On Falling Out of Love.

It’s easy to fall in love. It happens quickly, almost unnaturally. That’s why we call it “falling” to begin with, right? It has gravity on its side. One day, you’re not in love and the next day, you are. The world changes abruptly. The same mundane sights you pass day after day suddenly seem to compete for attention. Everything is worth your touch and everything receives it.

The way you look at yourself changes. You notice the way your shirt fits, the tightness at your collar, the crease at your belly- you straighten each and every bit of the striped fabric. For the first time in your life, you notice how smooth your face is, how even pores make your skin more alive and fresh and beautiful. Your hair seems brisk and lively, as if it has a life of its own. You get on the wrong bus and the bus driver’s smile is one of the loveliest you’ve seen. “How can it be so sunny in winter?” you think. The sky is a glistening blue. You’re only going to the building you’ve gone to every day for the past year but today, you have butterflies in your stomach- the lovely kind of butterflies, the ones that tickle you from the inside out, making a shiver run down your spine, enveloping you with laughter. You laugh a lot today, your fingers eagerly tapping on your desk, your toes dancing within the slightest gap in your shoes. You breathe in waves.

And when you see her, you forget the language you’ve known all your life. All of a sudden, you’re six years old and standing in front of Lekha Miss in her deep blue sari. Your speech is riddled with just sounds that don’t match any intelligible language you’ve heard. But somehow, you blurt it out. There, you’ve said it. A coffee, a dinner, a lunch, a movie. A visit, a few, there and back. Before you know it, you’ve known her all your life. You know the way she breathes in her sleep, the three strands of hair that always falls on her face by the time the alarm rings, the way her eggs should never touch her bacon, the way her forehead shrivels with stress, the way her cheeks dent in happiness. You begin to take the ride home for granted. You no longer notice the way your fingers naturally melt together or how she’s just the right height to fit inside the spoon you create. It’s normal, natural, mundane even, like the act of brushing your teeth. Loving someone is simply existing and all you do- like anyone else- is exist.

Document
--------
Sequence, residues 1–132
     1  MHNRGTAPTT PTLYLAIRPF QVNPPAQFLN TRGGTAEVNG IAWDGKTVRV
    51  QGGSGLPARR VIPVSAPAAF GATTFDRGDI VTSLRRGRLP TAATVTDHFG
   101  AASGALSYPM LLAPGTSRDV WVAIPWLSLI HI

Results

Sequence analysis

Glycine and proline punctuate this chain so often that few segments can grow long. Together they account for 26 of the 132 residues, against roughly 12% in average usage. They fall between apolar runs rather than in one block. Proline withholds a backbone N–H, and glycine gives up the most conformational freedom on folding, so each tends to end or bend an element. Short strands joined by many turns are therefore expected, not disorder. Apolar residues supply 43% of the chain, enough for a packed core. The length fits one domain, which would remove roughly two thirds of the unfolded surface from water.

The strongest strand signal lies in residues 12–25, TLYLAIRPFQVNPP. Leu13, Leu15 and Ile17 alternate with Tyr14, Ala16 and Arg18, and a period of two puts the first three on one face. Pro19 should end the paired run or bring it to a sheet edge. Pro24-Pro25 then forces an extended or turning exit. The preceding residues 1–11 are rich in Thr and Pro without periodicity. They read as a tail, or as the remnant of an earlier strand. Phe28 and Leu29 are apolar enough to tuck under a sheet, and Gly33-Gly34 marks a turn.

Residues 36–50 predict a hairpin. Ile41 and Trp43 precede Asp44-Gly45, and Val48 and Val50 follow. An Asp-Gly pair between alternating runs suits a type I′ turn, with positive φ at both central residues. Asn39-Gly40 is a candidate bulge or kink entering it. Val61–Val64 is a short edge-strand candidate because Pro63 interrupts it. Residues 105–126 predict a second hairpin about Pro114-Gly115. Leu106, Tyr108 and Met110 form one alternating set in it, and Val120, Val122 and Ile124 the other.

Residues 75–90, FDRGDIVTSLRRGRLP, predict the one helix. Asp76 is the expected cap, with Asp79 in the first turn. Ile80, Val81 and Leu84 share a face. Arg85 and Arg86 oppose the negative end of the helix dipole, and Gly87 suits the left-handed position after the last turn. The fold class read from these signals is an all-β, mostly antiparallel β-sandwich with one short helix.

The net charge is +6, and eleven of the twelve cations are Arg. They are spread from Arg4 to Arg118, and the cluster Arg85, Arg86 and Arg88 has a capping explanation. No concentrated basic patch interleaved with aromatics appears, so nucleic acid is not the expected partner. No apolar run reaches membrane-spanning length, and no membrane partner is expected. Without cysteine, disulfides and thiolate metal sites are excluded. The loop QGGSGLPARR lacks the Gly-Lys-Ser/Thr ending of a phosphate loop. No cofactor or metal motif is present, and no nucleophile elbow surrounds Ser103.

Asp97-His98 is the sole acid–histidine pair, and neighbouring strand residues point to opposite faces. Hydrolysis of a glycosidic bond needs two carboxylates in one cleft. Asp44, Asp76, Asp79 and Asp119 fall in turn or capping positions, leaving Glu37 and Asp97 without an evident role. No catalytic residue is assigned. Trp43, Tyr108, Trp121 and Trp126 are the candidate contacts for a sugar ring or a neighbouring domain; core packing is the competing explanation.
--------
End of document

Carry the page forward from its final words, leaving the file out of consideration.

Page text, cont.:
Falling out of love is the hard part- the non-spontaneous reaction, with a positive delta G. One day, she’s sleeping next to you after an argument on something unimportant and unaddressed, and the next day, you receive her wedding invitation, one that you did not pick out. One day, she’s in the park with her hair flying into your ear, telling you of how her son will be just like you and the next, she’s speaking of the sharvani she picked out for the groom to match her designer sari– after asking you, of course, whether you mind hearing her talk. Of course, you never do.

One load of laundry and the room no longer smells like her, your light green sheets no longer know her, your pillow remains cold. You’re missing a sweatshirt in your closet, maybe even a pair of socks. Nothing else is gone but all of a sudden, your house is empty. Five years of her touch and your walls no longer remember her. But you do. You try to fall out- much like she did- but you can’t find a way to climb out of the ditch you’ve landed in. You try, fail and give up, without realizing that getting out of there is normal, that it will happen naturally. Like the way you grew out of your favorite riding pants and become a man. Like the way she stopped seeing sparkles and stars and the brightest of colors in your eyes, the way they faded slowly from your skin like aging tattoos, the way they became unloved and then, unnoticed.

You’re a victim, kidnapped by a thought and destroyed by an idea- fallen prey to the Stockholm syndrome. Instead of running away, you love more and more and more. You love for a night, a day, an hour even. The loves conglomerate in your laundry hamper. They ruin your hardwood floor with their nightly stomps and leave before breakfast is even thought of. They accent your empty walls with the smell of a dozen perfumes and a million mixed drinks. Their whispers echo as the water hits every inch of your body in the shower. They trace the edge of your spine and hang with their legs dangling from your sacrum. You collapse on the inside- your bones go first. In a month, you’ve made up for the five years of the real world you missed. In a month, you’ve loved twenty, twenty-six, thirty- I can barely finish my sentence. You forget that falling out of love is the most natural of processes and sometimes, natural reactions just take time. You love simply because you don’t know what else to do.

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